Shy vole, damselfly (newly-hatched?), and robin-on-the-cusp.
Saturday, 20 May 2017
Slow worm blending beautifully with its surroundings.
Raft spider: the UK's biggest species of spider.
It was brilliant to get out on a proper, planned survey day with other vole enthusiasts and do some habitat assessment. We looked at a long ditch on Whixall Moss, and found one end full of water vole signs and the other full of field vole. The records were collected and will be stored and shared by the Wildlife Trust, Natural England, and other environmental groups.
Wednesday, 17 May 2017
All likely-looking burrows, set within excellent habitat.
I took a look round the Criftins area of Ellesmere, at a ditch a colleague had told me was home to water voles. I didn't see any feeding or latrines, but there were quite a few burrows, and a man walking his dog confirmed there were water voles in the field.
The vole photographed above shows the variation in fur colour that can occur in different lights. I thought initially this was a very dark animal, possibly a baby, then it moved into the sun and the fur turned much paler. It's chewing its way through bramble stems, balancing on one with its hind paw to grip.
Thursday, 11 May 2017
Edgeley Road vole
Female chaffinch with a poorly foot
Small toad, Beeston
At Venus Pool nature reserve
Water vole feeding at the timber yard - they will chew through brambles no problem. Below, perhaps the vole that did the chewing.
A vole floats in the water, thinking.
Saturday, 6 May 2017
Thursday, 4 May 2017
Friday, 28 April 2017
Water voles are small UK mammals, about the size of small guinea pigs but with furry tails.
They like to live on the banks of streams, rivers and ponds. We call this habitat 'riparian'. Water voles like banks thickly covered in grass and reeds that they can eat and where they can hide from the animals that eat them (predators). They also like the bottom of the river to be covered in mud, so that when they're escaping underwater, they can kick up a cloud of silt and hide inside it. They are excellent swimmers, with waterproof fur.
Mostly they live inside the banks, in burrows that they dig with their strong teeth. These burrows are about as wide as a tube of Pringles, and round the entrance you'll see the grass has been nibbled short. These nibbled patches are sometimes called 'vole lawns'. Each vole will make lots of burrows so there's always a means of escape close by.
Water voles are pretty much entirely vegetarian. They spend a lot of time eating, and don't much mind what plants. I've even seen them eat nettles! They grasp each stem with their paws and bite into the middle, leaving a diagonal cut at the end. One of the most obvious signs that there are voles about is the piles of chopped-up vegetation they leave lying on the banks. The name for these is 'feeding stations'.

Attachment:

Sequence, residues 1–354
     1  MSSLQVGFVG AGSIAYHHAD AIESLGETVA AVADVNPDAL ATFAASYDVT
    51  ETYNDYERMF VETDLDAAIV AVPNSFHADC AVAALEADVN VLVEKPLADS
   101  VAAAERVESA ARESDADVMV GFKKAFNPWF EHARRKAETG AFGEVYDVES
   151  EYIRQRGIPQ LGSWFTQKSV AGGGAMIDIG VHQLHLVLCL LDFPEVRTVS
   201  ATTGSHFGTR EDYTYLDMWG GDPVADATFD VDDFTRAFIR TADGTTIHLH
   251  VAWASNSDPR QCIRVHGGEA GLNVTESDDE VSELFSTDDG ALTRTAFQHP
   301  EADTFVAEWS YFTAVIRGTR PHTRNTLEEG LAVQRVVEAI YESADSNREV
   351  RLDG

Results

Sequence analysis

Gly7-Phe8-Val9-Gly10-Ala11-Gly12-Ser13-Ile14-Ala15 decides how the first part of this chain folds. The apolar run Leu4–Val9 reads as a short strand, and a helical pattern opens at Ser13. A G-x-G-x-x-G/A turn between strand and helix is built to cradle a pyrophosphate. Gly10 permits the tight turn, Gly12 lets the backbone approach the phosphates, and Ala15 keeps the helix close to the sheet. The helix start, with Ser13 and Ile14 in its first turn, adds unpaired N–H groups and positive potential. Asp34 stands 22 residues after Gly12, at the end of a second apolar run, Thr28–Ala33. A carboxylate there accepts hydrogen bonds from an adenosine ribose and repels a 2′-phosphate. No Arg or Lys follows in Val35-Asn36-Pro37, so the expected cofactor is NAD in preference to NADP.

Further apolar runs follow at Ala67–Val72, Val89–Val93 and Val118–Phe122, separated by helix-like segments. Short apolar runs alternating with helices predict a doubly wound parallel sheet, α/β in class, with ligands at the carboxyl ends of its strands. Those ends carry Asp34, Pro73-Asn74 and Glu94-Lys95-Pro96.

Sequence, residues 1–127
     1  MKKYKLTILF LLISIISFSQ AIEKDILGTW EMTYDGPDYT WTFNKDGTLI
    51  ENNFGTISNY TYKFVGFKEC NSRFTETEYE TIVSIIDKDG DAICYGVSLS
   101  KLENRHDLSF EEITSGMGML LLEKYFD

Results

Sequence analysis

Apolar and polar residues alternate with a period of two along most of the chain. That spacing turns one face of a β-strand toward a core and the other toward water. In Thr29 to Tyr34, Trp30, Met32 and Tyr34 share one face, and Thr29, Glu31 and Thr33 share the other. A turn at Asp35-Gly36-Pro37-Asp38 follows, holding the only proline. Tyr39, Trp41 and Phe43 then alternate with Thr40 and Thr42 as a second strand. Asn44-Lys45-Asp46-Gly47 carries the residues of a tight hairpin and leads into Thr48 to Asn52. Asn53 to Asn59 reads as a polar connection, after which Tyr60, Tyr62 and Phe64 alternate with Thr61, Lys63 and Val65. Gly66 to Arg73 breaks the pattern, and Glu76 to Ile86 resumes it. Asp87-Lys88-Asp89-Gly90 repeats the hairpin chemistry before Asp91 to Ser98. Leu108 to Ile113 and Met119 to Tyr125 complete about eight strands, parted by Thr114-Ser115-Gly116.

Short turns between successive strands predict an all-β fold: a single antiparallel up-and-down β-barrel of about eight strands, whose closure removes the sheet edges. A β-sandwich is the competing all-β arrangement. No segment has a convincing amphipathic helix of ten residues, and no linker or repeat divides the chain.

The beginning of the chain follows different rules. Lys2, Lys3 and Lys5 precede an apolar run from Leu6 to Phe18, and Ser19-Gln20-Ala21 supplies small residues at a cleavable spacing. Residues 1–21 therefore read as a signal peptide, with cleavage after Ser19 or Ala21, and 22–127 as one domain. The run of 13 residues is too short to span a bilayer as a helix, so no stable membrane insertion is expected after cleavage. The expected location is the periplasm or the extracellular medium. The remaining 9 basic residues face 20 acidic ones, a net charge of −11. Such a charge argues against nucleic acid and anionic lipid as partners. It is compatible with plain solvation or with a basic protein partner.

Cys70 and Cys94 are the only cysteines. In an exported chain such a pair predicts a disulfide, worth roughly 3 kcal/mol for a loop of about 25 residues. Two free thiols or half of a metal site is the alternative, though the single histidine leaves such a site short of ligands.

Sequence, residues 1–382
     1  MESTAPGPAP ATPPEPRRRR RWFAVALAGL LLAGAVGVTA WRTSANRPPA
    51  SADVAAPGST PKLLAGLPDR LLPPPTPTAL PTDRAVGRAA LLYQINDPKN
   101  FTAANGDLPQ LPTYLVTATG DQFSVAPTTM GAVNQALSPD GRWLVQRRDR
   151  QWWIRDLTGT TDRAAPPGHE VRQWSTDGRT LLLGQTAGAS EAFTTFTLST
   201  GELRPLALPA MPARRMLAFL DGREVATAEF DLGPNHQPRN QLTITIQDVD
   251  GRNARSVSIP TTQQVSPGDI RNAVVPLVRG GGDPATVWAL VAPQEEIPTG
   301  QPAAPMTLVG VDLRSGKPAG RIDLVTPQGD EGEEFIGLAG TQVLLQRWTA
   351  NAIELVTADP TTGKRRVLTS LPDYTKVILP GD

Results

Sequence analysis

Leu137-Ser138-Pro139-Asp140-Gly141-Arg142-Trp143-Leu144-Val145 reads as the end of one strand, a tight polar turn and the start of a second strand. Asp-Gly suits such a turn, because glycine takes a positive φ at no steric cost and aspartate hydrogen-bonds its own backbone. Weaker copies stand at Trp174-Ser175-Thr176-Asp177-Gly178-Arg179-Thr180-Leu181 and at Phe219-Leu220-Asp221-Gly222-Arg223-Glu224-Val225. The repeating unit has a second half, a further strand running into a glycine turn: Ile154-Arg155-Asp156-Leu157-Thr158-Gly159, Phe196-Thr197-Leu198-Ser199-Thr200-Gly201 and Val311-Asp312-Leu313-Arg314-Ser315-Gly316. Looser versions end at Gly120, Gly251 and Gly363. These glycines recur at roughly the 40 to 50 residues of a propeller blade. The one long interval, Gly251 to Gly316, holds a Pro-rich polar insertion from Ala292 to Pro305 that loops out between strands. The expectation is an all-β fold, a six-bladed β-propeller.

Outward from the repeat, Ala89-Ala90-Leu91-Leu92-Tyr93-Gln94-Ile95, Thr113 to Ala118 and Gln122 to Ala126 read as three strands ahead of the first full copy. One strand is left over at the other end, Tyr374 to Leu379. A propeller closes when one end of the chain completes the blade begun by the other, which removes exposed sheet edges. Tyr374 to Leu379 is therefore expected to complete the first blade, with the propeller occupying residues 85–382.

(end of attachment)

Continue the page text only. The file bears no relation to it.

Voles are at the bottom of the food chain, meaning a lot of other animals like to hunt them. Cats, dogs, owls, hawks, magpies, grass snakes, pike, polecats, weasels, stoats, heron, rats, otters and mink will all take water voles. Average life expectancy for a water vole is short; none of them get much past eighteen months. So to make up for this, they breed fast, females having anything up to five litters a year with 5-6 pups in each litter. They are also excellent at a quick getaway, either plopping into the water and swimming off or shooting down a burrow out of danger.
Because they're shy, it can be hard to tell whether water voles are present on a site. But they're helpful animals and leave us little signs. As well as the burrows and feeding stations, you can look out for 'latrines', piles of droppings that water voles use as signposts for other voles - "Keep out, this is my territory". Water vole poo is made up of brown-green pellets about the size of TicTacs, and it's often place somewhere prominent like a stone.
The sad news is that water voles are very endangered. A lot of their habitat has been destroyed by building or water pollution and their situation is getting desperate. So how can we help? Mainly by looking out for them, and by reporting any sightings of water voles or even just of their feeding, burrows or latrines. You can contact the Wildlife Trust if you suspect you have water voles living near you, and send in any photos you have of signs. Try and make sure no one mistakes them for rats and tries to poison them. And if you own a cat, keep it in at night, and attach a little cheap flashing light to its collar (this makes the cat safer on the roads anyway).
Thursday, 27 April 2017
Wood Yard vole
Edward German Drive: burrow and vole.
I knew there were water voles on both sites due to the abundant field signs, but it's always nice to log an actual sighting. Saw another vole at White Lion Meadow car park tonight, too.
Monday, 24 April 2017
Treecreeper - there are a pair of these, one often feeding the other.
Below, water vole droppings on mud can be hard to spot!
Spotting water vole droppings is great because they're one of the few field signs that are unambiguous. Rounded at each end, slightly larger than Tic Tacs and odourless, water vole pellets are often deposited as territorial markers. Sometimes voles will choose prominent, impervious surfaces on which to poo, like logs or flat stones or plastic bottles, old car sponges, abandoned polystyrene tiles. Then latrines are easy to spot. But when voles leave their olive/brown droppings on mud - and then trample them - it can be hard to distinguish. Use a zoom lens or binoculars to examine closely any spot where the soil looks a bit lumpy, or where flies are gathering.